Sitting at the feet of the academic gods, which is what the college or university classroom claims to provide for the uneducated, doubtless has inspired – and continues to inspire – many of us. But the fact is that those moments are few and far between even for those who can attend college. I can count the number of times I felt the magic of learning from the masters, well, on one hand. And such opportunities remain non-existent for those who cannot scrounge the funds to acquire such an elite education. Thus, the number of people who can actually benefit from attending Professor Edmundson’s courses at the University of Virginia is quite limited. But the number who might learn from an “open source” environment of courses designed for Internet engagement – now that’s another story.

Face-to-face Courses Can’t Be Stored, Searched, or Forwarded

You blink, become distracted by your neighbor’s Facebook posts, or tune out for a moment and miss a few beats of taking notes – and the magic of that classroom moment is gone. Certainly such moments may move us, even transform us, if they speak to us at the right time in our lives. But in a face-to-face classroom, how can we review the way the jazz of the conversation evolved, revisit an astute comment made by a classmate that didn’t quite gel for us when it was first shared, or come back to it years later to gain a deeper understanding than we were capable of initially? Online learning, which can be stored, searched, and forwarded with any number of useful tools for annotating and sharing, allows the jazz improv of learning (and potential collaboration with any number of co-learners) to continue indefinitely.

Distance Doesn’t Cost Money

In my current online course, from my home office in Houston, Texas, I teach students from both U.S. coasts and three Asian countries. They all pay the same tuition and receive the same detailed feedback from me in response to each lesson they produce. No one has to acquire a travel visa or get on a plane to attend. They all have my phone number (and Skype address) and know they can reach me via email or in person during Office Hours, which is more than I can say for a lot of the professors I worked with in college.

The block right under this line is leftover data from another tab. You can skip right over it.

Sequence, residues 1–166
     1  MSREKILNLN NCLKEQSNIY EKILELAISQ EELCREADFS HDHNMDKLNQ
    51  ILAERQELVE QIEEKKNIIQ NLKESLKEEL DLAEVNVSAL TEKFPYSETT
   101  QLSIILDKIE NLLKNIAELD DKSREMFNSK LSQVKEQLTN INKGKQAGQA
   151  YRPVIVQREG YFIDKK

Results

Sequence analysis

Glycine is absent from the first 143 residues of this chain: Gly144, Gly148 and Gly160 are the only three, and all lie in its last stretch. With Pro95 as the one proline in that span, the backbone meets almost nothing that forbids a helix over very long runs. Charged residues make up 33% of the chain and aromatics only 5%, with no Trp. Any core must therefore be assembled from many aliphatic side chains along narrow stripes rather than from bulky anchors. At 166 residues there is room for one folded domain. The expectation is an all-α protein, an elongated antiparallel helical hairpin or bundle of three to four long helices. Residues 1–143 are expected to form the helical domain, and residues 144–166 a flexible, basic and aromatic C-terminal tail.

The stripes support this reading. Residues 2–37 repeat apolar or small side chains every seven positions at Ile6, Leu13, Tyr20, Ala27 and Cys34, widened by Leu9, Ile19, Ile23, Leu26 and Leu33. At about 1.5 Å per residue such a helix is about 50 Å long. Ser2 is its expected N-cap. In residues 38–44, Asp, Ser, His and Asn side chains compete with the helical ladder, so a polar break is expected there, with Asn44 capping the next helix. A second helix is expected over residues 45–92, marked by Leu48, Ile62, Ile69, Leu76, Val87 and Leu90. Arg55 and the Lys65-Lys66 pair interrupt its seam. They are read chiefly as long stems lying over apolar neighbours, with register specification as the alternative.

Similarly, I have colleagues who have participated in MOOCs (massive open online courses) with the movers and shakers of their disciplines. These courses have gathered together – for free – some of the best thinkers about education in the world. The discussions there have been rich and powerful. More importantly, they could not have happened without the Internet to bring the participants together in online spaces.

How often can we ordinary folk actually sit in on conversations between the greatest thinkers in our university disciplines? How often do we have the opportunity to actually add our two cents?

Actually, We Still Agree

I would be foolish to claim that face-to-face courses with brilliant professors and live jazz performances by great musicians do not create a dazzling, one-of-a kind experience. Likewise, we should acknowledge that online education has the power to do things that face-to-face classes cannot. If institutions of higher learning do little more than videotape the lectures of college professors to share online, they are only archiving their best live performances as so many YouTube posts, not creating the kind of rich learning communities that the Internet can encourage. (And frankly, I’d rather watch a TED talk… or read a book.)

None of us has the patience for “one-size-fits-all learning” anymore – online or otherwise. What we want is “intellectual joy.” Let us all, then, come together and make the most of both worlds.

6 COMMENTS

  1. While I agree that online education opens up new ways of learning, including opportunities for a wide range of students to access high quality learning materials, I believe synchronous online learning is more engaging and effective than simply lecturing online or having students and instructors interact via online forums. Perhaps synchronous learning won’t reach as many students, but we at GatherEducation, a virtual learning platform that allows instructors to teach classes naturally online in real-time, have found that collaborative learning is the most important determinant of student success. The problem with MOOCs is that they rely on self-paced learning to determine success instead of a blended learning model in which instructors are more akin to learning guides.